Pope Francis has acknowledged that members of the Catholic clergy abused nuns, adding to a string of recent allegations about widespread sexual abuse by priests and coverups by the church hierarchy.
Francis is due to host a gathering of bishops and cardinals in two weeks to address the broader global issue of clergy sexual abuse — including, largely for the first time, adult victims and accountability for those at the top of the church who mismanage and cover it up.
The Washington Post’s Stefano Pitrelli and Chico Harlan wrote in September, when the meeting was announced, that the gathering “is believed to be unprecedented, indicating that the church recognizes that clergy sex abuse is a global problem — even in countries where the church maintains strong social power and cases have not come to light in great numbers.”
“The Church’s credibility has been seriously undercut and diminished by these sins and crimes, but even more by the efforts made to deny or conceal them,” Francis wrote in a letter to U.S. bishops last month. “This has led to a growing sense of uncertainty, distrust and vulnerability among the faithful.”
Asked Tuesday whether he would take a similarly broad approach to tackling the abuse of nuns, Francis signaled that he would. “Should we do something more? Yes. Is there the will? Yes. But it’s a path that we have already begun,” he said, the AP reported.
Speaking about the progress the church has made on the issue, Francis referred to the offshoot French religious congregation that had been dissolved by Pope Benedict XVI after a founding priest had violated chastity vows with women in the order. On the plane, Francis said that some women had been pushed by the priest into “sexual slavery.” But the Vatican on Wednesday clarified that remark, saying that Francis was referring instead to manipulation and the abuse of power.
Francis has been criticized in the past for his handling of the topic. In January 2018, he dismissed accusations that Chilean bishop Juan Barros had covered up sexual abuse committed by a priest named Fernando Karadima. “There is not one shred of proof against him. It’s all calumny. Is that clear?” the pope said at the time. He later apologized and dispatched investigators to Chile but did not condemn Barros.
Some have also criticized what they consider a slow Vatican response to major sexual abuse scandals that broke in other countries, including Australia and the United States.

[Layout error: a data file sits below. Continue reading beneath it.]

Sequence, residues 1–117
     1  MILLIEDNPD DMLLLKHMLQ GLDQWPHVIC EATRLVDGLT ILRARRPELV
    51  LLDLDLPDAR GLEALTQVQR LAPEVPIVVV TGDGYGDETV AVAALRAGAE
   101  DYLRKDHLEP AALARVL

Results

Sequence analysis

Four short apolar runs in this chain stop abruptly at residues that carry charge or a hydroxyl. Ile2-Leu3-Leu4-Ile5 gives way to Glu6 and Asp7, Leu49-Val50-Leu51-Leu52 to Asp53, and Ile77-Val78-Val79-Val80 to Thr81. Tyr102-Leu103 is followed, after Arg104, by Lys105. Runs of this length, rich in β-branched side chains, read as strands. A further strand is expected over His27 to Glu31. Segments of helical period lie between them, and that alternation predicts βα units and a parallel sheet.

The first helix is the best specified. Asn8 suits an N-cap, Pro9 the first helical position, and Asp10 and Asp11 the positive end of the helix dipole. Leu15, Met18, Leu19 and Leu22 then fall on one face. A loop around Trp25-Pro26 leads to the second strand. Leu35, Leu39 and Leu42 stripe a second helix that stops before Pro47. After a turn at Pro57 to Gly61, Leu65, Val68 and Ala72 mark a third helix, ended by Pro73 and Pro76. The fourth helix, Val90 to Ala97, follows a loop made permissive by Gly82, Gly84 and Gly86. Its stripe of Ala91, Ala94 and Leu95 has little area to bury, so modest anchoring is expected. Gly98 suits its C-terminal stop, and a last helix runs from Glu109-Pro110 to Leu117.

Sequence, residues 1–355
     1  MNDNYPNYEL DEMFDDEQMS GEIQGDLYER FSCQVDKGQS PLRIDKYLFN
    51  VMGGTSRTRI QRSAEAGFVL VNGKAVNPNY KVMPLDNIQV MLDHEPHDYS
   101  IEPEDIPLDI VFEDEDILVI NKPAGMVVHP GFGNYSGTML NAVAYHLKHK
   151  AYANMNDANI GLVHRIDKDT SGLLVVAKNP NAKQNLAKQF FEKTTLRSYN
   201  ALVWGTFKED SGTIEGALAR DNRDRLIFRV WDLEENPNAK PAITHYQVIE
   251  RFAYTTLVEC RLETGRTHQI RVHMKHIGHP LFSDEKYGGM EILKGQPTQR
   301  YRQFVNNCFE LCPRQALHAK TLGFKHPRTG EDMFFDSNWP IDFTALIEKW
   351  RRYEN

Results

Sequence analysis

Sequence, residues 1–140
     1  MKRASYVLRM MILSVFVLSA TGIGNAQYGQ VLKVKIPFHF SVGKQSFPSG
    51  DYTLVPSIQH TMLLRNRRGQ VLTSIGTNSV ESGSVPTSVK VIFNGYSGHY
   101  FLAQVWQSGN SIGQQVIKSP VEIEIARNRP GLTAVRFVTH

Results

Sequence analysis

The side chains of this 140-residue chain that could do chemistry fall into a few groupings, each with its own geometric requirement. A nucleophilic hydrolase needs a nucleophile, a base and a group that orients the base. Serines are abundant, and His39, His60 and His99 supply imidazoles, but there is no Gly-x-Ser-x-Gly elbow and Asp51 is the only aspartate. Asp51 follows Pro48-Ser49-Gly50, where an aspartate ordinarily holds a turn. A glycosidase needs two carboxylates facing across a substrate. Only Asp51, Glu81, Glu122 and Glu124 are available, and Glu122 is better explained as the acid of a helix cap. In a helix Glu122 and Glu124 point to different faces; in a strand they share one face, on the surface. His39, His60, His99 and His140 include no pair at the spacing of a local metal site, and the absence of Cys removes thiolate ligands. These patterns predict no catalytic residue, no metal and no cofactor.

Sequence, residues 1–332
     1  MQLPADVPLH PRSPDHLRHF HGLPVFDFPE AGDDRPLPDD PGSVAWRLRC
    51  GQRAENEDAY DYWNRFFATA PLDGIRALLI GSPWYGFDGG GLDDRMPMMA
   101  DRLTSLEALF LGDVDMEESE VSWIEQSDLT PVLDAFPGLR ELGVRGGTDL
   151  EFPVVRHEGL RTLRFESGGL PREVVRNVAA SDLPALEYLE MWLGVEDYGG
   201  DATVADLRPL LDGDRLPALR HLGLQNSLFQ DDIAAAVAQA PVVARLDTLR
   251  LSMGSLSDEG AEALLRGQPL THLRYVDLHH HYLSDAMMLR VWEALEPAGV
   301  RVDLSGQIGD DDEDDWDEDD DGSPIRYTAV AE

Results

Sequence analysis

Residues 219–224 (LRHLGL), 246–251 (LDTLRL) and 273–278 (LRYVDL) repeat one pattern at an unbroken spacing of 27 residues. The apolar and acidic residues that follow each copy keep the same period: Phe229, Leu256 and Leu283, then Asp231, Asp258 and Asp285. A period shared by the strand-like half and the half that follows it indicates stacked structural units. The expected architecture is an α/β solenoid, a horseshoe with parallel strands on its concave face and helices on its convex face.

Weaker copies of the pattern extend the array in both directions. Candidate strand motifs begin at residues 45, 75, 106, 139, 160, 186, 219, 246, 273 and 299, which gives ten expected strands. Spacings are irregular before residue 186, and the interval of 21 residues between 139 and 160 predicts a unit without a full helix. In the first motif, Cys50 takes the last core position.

“The church remains quiet about its investigations and disciplinary procedures,” Harlan reported last year. “It does not release any data on the inquiries it has carried out. A proposed tribunal for judging bishops accused of negligence or coverup was quashed by the Vatican department that was supposed to help implement it. And, rather than being fired and publicly admonished, offending church leaders are typically allowed to resign without explanation.”
A few high-profile allegations against top Catholic clerics by nuns have gained attention in the past year, with some Catholics calling it a #MeToo moment for religious sisters.
Last fall, Indian nuns in the state of Kerala made news by marching with placards, demanding action against a bishop they say raped a nun between 2014 and 2016. After reportedly getting no response from the church to her complaint, she went to police in June — a radical move in the state.
“There are many nuns within the church who are suffering. They are afraid to come out. The church mechanism is a very large and powerful one,” Indulekha Joseph, a lawyer who was helping the women, told The Post last year. “The other problem is once a nun speaks, she is thrown out of the convent and may find herself on the street, because often her family is not willing to accommodate her. A campaign of character assassination starts. The nun will be portrayed as a prostitute.”
Last month, a Vatican official who handles sexual abuse cases for the church quit after being accused of sexual abuse by a former nun. The woman, Doris Wagner, last year accused an unnamed priest of making sexual advances on her while in a confessional. She later identified the priest as Hermann Geissler, who was chief of staff of the Congregation for the Doctrine of the Faith, a body that handles discipline in sexual abuse cases within the Catholic Church.
Geissler has maintained his innocence but said he was resigning to protect the church.